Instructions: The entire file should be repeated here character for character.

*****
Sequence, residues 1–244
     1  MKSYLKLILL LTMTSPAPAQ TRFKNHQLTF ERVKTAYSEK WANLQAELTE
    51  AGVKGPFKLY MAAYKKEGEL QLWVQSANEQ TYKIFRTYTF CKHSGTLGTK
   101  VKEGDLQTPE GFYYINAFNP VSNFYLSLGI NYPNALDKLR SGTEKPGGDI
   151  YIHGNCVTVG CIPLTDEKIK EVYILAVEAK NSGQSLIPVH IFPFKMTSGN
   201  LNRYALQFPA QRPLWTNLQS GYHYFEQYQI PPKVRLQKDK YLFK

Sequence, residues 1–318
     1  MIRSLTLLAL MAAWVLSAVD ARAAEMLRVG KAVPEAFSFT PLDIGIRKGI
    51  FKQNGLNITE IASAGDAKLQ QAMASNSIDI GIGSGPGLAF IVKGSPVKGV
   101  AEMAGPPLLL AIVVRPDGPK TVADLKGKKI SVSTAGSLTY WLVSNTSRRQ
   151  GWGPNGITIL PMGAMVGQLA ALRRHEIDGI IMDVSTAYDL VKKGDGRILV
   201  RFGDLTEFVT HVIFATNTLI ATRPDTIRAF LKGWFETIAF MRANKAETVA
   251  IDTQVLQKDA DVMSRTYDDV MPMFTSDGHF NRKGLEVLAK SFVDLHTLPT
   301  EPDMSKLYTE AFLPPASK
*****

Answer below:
Sequence, residues 1–244
     1  MKSYLKLILL LTMTSPAPAQ TRFKNHQLTF ERVKTAYSEK WANLQAELTE
    51  AGVKGPFKLY MAAYKKEGEL QLWVQSANEQ TYKIFRTYTF CKHSGTLGTK
   101  VKEGDLQTPE GFYYINAFNP VSNFYLSLGI NYPNALDKLR SGTEKPGGDI
   151  YIHGNCVTVG CIPLTDEKIK EVYILAVEAK NSGQSLIPVH IFPFKMTSGN
   201  LNRYALQFPA QRPLWTNLQS GYHYFEQYQI PPKVRLQKDK YLFK

Sequence, residues 1–318
     1  MIRSLTLLAL MAAWVLSAVD ARAAEMLRVG KAVPEAFSFT PLDIGIRKGI
    51  FKQNGLNITE IASAGDAKLQ QAMASNSIDI GIGSGPGLAF IVKGSPVKGV
   101  AEMAGPPLLL AIVVRPDGPK TVADLKGKKI SVSTAGSLTY WLVSNTSRRQ
   151  GWGPNGITIL PMGAMVGQLA ALRRHEIDGI IMDVSTAYDL VKKGDGRILV
   201  RFGDLTEFVT HVIFATNTLI ATRPDTIRAF LKGWFETIAF MRANKAETVA
   251  IDTQVLQKDA DVMSRTYDDV MPMFTSDGHF NRKGLEVLAK SFVDLHTLPT
   301  EPDMSKLYTE AFLPPASK